Old Friend (black and white photo)

Old Friend (black and white photograph)
Old Friend (black and white photograph) by Paul Politis (2019)
Untitled (black and white photograph)
Old Friend (black and white photograph) by Paul Politis

I recently came upon this translation of a poem by Hermann Hesse which I like a lot:

Pruned Oak
by Hermann Hesse

Oh oak tree, how they have pruned you.
Now you stand odd and strangely shaped!
You were hacked a hundred times
until you had nothing left but spite and will!

I am like you, so many insults and humiliations
could not shatter my link with life.
And every day I raise my head
beyond countless insults towards new light.
What in me was once gentle, sweet and tender
this world has ridiculed to death.
But my true self cannot be murdered.
I am at peace and reconciled.
I grow new leaves with patience
from branches hacked a hundred times.
In spite of all the pain and sorrow
I’m still in love with this mad, mad world.


    • No, I can see why you would say that (RIP, Dave). I took this photo several years ago but I’ve let it sit along with some others that feel too unlike me in some way. It feels too … classical? I’m not sure the proper word. But it holds metaphorical meaning for me, so I haven’t discarded it.

      Do you like the Hesse poem? I know you are quite familiar with Hesse’s work. I love the last few lines though I’m struggling to embody them in my own life.

      • Many of your recently published images are rather different than yours man made again mad man situations.
        About a poem: I didn’t know this one and I like it a lot. I also see the challenge to be like him, especially in those last lines. I am struggling there too. Often I feel I am there and then I am thrown by myself back to my I. But I am smiling 😉 Not making any images though.

        • There’s certainly not a lot of stylistic consistency from post to post here in the blog, or in my work in general taken as a whole. Thematically there is more consistency if you look. A Jungian might have some fun 😉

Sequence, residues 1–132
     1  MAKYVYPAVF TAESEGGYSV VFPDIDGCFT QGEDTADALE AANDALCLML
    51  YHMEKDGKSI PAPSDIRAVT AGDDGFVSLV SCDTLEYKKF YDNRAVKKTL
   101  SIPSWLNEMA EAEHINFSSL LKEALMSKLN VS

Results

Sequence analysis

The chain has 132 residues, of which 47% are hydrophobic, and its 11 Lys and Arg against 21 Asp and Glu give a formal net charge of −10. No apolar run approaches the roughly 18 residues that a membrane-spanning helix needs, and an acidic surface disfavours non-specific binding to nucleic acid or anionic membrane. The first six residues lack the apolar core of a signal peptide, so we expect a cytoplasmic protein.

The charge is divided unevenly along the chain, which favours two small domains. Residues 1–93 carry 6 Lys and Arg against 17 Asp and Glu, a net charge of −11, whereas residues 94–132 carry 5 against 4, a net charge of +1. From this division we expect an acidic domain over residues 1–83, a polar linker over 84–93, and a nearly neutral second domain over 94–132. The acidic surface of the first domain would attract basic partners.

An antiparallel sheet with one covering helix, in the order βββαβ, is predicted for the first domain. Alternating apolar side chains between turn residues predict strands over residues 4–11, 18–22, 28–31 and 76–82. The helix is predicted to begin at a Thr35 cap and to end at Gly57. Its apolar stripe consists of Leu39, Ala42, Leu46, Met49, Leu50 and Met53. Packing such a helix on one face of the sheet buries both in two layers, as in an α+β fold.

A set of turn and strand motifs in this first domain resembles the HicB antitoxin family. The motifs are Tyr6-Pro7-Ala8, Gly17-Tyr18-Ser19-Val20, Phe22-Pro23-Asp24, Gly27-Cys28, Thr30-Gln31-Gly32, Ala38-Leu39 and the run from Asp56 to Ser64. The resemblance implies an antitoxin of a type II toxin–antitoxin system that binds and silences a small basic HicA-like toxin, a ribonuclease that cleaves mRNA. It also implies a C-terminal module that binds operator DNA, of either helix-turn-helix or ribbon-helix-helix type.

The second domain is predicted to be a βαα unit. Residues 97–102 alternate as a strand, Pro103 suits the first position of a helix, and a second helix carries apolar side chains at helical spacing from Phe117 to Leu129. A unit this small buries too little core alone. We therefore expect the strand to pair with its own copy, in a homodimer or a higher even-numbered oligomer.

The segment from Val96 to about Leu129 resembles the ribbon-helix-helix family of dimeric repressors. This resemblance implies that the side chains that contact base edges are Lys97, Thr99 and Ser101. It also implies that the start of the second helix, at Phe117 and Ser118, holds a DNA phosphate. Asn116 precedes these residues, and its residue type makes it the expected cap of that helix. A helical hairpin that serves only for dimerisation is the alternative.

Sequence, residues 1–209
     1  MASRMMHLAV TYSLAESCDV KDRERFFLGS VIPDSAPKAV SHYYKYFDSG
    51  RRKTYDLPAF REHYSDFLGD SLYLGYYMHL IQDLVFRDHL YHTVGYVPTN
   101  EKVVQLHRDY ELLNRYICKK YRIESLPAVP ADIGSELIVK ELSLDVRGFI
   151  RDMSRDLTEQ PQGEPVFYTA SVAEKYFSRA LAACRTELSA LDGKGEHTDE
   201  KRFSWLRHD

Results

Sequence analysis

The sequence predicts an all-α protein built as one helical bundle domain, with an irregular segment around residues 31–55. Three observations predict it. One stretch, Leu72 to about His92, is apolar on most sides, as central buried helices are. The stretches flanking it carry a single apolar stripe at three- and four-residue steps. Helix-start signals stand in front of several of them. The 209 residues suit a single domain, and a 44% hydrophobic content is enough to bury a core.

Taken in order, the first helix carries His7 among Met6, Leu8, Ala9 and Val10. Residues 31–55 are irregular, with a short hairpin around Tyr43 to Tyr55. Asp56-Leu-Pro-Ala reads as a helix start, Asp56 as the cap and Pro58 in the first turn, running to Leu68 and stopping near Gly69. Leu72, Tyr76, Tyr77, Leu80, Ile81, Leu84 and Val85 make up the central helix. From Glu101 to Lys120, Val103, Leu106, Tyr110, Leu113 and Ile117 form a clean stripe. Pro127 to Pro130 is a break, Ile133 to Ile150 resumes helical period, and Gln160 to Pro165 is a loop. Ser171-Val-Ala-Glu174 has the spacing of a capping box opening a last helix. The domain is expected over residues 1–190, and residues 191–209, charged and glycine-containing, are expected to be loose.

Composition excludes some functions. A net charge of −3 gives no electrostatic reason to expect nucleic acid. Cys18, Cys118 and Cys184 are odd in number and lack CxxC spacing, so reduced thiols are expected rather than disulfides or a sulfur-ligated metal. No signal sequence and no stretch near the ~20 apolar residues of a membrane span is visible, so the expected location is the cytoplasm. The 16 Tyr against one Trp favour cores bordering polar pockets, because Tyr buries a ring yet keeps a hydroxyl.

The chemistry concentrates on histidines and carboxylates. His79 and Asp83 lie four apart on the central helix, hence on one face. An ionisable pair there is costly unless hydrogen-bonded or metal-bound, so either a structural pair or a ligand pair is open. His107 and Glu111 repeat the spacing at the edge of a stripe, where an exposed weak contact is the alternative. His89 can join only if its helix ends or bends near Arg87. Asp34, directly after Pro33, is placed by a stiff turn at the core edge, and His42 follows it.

In this blog, it’s partly because I’m posting images that have value to me that are from different times over the past few years but I have not posted before. One week I may post an image from 3 years ago and the next from 3 months ago. But it’s also because I’m simply kind of schizophrenic in the streams of work I am creating in general. I never know what mood I will be in when I go out, what will catch my eye, if anything at all, and the work tends to accumulate and filter over time into separate piles. The types of work that I value most tend to happen mysteriously and on their own schedule, so I try to just be open and take whatever I get and allow time to do its sorting.

          I still have work in a few “piles” that I haven’t made sense of for myself yet but that hold some magic for me, there is something there I’m after but don’t know what. These may never show up here on the blog or if they do it may be years from now.

          Like they say, life is lived forward but understood backwards 🙂

          Keep smiling, better than the alternative 😉

  1. It is incredible that you still taking pictures. I was not able to understand it (mainly because I was thinking more about myself) few years ago when we had rathe intensive email correspondence. I am pretty sure I understand it “now”. 😉

      • Excuse me. I wanted to say that I didn’t understood at the time, why you are so persistent in capturing images. I understand it now better, I think.

        • “My composition arises out of asking questions. I am reminded of a story early on about a class with Schoenberg. He had us go to the blackboard to solve a particular problem in counterpoint (though it was a class in harmony). He said, ‘When you have a solution, turn around and let me see it.’ I did that. He then said: ‘Now another solution, please.’ I gave another and another until finally, having made seven or eight, I reflected a moment and then said with some certainty: ‘There aren’t any more solutions.’ He said: ‘OK. What is the principle underlying all of these solutions?’ I couldn’t answer his question; but I had always worshipped the man, and at that point I did even more. He ascended, so to speak. I spent the rest of my life, until recently, hearing him ask that question over and over. And then it occurred to me through the direction that my work has taken, which is renunciation of choices and the substitution of asking questions, that the principle underlying all of the solutions that I had given him was the question that he had asked, because they certainly didn’t come from any other point. He would have accepted the answer, I think. The answers have the questions in common. Therefore the question underlies the answers.”
          – John Cage

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